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Business in high context cultures.

Updated on November 8, 2015

High Context Cultures

In Asia there are many High Context Cultures. High Context Cultures are cultures that place high value on interpersonal connections between people. They are more worried about the overall status of a group rather than the best interest of the individual. That being said, they also take high value on the reputation and "saving face" of reputations of individuals. In business meetings it is normal to spend time getting to know the people you are conducting the business with before "getting down to business". Things like exchanging business card, giving detailed backgrounds of one employment position, education and other credentials will take place during these introductions.

High Context Cultures place a great value on long term relationships and fully trusting those they do business with. High Context Cultures aren’t concerned as much about "spelling everything out", rather they take for granted that its "being understood" what the group focus is and doesn't spend much time lining everything out.

Using the same example as before, the employee would be very willing to put in extra time at work so that the company with definitely make the production needs of the new customer. They will sacrifice their personal time to meet the needs of the group to "save face" for the company. This will be in hopes to build bonds with the company for a more long term relationship and to put the group above the one.

Important?

Do you thing that understand High and Low contexts are important?

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Hypothetical situation.

Let’s take this a step further, let’s say the company that I work for wants to branch off into an Asian, High Context market. What may be some things to keep in mind?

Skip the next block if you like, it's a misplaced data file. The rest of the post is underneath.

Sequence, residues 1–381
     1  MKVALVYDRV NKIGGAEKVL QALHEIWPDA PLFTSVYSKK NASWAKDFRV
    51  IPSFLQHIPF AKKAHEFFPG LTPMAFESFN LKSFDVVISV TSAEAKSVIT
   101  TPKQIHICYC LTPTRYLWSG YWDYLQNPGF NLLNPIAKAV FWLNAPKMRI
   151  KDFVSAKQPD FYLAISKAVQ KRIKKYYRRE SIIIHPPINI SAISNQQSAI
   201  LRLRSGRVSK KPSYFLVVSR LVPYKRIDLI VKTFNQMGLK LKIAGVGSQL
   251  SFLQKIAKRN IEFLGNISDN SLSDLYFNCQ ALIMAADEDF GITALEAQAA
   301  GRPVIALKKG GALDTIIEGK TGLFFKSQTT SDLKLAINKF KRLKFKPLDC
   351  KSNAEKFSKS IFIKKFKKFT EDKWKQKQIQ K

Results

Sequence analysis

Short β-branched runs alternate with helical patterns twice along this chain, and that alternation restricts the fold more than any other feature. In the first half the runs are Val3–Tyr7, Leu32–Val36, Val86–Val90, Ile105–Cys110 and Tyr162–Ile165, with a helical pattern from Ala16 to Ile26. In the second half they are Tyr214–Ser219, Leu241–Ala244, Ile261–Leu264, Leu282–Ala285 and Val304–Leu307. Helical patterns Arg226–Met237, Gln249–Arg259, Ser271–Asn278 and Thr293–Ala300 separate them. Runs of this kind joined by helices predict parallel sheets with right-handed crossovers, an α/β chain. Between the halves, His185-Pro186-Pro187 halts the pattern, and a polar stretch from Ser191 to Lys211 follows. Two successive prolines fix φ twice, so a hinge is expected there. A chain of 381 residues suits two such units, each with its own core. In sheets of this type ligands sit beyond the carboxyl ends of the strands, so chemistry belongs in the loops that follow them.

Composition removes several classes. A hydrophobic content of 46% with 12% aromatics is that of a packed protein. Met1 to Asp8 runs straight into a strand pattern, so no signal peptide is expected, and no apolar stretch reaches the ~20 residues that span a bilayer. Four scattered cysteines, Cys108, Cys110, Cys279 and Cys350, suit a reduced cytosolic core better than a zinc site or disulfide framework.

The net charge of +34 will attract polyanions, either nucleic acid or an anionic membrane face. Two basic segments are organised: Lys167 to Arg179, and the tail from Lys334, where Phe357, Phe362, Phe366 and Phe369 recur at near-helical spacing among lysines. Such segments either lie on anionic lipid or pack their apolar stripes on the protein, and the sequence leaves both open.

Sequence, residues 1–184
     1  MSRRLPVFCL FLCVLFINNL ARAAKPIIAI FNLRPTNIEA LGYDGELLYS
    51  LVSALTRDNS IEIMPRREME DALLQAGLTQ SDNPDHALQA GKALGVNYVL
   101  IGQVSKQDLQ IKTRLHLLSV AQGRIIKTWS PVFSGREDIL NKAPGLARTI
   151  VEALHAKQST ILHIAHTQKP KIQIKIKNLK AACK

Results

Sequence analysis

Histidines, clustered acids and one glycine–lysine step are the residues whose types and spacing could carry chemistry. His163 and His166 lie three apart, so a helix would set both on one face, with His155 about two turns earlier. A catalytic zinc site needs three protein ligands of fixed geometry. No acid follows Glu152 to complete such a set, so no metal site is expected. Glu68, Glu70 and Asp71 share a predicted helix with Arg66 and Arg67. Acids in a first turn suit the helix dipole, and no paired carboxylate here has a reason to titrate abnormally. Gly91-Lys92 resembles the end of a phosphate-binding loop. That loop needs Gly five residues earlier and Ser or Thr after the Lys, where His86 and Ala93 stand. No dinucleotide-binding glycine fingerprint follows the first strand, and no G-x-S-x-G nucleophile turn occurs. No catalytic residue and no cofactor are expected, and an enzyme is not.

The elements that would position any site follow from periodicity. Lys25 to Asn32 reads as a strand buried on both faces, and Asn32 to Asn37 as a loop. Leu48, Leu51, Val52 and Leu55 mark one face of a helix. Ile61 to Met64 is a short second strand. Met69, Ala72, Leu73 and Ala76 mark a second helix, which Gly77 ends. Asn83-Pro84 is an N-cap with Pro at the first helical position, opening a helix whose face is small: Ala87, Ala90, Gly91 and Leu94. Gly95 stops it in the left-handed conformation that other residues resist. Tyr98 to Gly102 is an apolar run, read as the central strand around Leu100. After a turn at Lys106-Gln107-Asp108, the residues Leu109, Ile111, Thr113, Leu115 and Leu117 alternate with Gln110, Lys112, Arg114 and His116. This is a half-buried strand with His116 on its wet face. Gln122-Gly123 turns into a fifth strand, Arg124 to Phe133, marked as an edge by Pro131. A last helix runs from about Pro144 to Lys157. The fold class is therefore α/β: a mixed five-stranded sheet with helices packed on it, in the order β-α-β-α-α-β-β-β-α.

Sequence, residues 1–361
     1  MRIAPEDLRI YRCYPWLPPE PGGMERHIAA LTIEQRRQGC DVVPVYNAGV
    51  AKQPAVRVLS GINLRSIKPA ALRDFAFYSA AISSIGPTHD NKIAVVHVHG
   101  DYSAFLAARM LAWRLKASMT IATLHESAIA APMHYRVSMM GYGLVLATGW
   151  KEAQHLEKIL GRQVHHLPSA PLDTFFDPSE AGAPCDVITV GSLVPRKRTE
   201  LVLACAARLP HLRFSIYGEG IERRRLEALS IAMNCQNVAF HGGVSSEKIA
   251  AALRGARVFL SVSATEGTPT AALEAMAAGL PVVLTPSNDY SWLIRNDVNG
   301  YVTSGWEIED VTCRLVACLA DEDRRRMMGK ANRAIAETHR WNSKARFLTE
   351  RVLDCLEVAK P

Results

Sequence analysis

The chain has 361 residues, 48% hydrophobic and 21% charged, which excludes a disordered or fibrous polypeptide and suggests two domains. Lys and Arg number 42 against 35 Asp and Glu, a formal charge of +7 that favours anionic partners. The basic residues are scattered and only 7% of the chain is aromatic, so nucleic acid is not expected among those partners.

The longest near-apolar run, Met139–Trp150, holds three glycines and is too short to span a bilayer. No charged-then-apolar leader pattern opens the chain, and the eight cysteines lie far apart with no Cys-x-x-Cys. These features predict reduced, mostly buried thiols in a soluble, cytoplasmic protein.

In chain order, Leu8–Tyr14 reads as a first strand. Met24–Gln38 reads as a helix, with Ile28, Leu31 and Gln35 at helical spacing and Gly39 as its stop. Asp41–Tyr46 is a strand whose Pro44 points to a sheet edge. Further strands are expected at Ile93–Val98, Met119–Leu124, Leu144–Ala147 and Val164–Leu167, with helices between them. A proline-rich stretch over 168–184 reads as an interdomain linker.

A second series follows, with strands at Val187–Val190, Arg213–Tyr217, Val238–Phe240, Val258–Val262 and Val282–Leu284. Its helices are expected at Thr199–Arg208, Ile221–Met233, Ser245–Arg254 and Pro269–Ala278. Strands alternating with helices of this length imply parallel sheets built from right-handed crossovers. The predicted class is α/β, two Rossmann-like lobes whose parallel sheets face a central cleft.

• The company needs to research what business in High Context Cultures is like
  • The company needs to educate all employees involved in the move and acquisitions for the expatiation on High Context Cultures
  • The company may want to higher some talent that has experience working with High Context Cultures.
  • The company NEEDS TO REMEMBER to hire employees in top level positions from the local culture that has experience working with low context cultures to help bridge the cultural and business gabs inherent in this type of expansion.
  • The company needs to conform to the local market norm and market treads of the local culture.
  • The company needs to make sure they change the way documentation is written so that it conforms to the norms of the local culture but still shows the best interest of the company.
  • The company needs to make sure that all due respect both in business and in traditions ways is expressed at all times.
  • I think the company needs to send a team over to the new market ahead of time to start to develop relationships with local prospects to build bonds and trust as per the typical High Context Cultural norms.

Conclusion

As you can see the need for understanding the context and culture of any potential market is as important and the prophet or potential growth of that market. If companies from a low context cultures just jump new markets and assumes that what worked in the U.S. will work anywhere is doomed to fail. Especially in a High Context Culture where it is assumed that you would come into a business arrangement giving the highest respect to the local customer’s culture and it would be very disrespectful if a company came off ignorant to the local culture and business practices. A High Context customer would not desire to create a bond due to a lack of trust that would be invoked from a lack of respect for the delicateness of coming into a new cultural market.

This page was written in a Low Context communication form on purpose being that the intended audience would be from Low Context Cultures.

References

  • Muraya, J. G., Neville Miller, A., & Mjomba, L. (2011). Implications of High-/Low-Context Communication for Target Audience Member Interpretation of Messages in the Nimechill Abstinence Campaign in Nairobi, Kenya. Health Communication, 26(6), 516-524. doi:10.1080/10410236.2011.556083
  • http://www.marin.edu/buscom/index_files/Page605.htm
  • http://thearticulateceo.typepad.com/my-blog/2011/08/cultural-differences-high-context-versus-low-context.html

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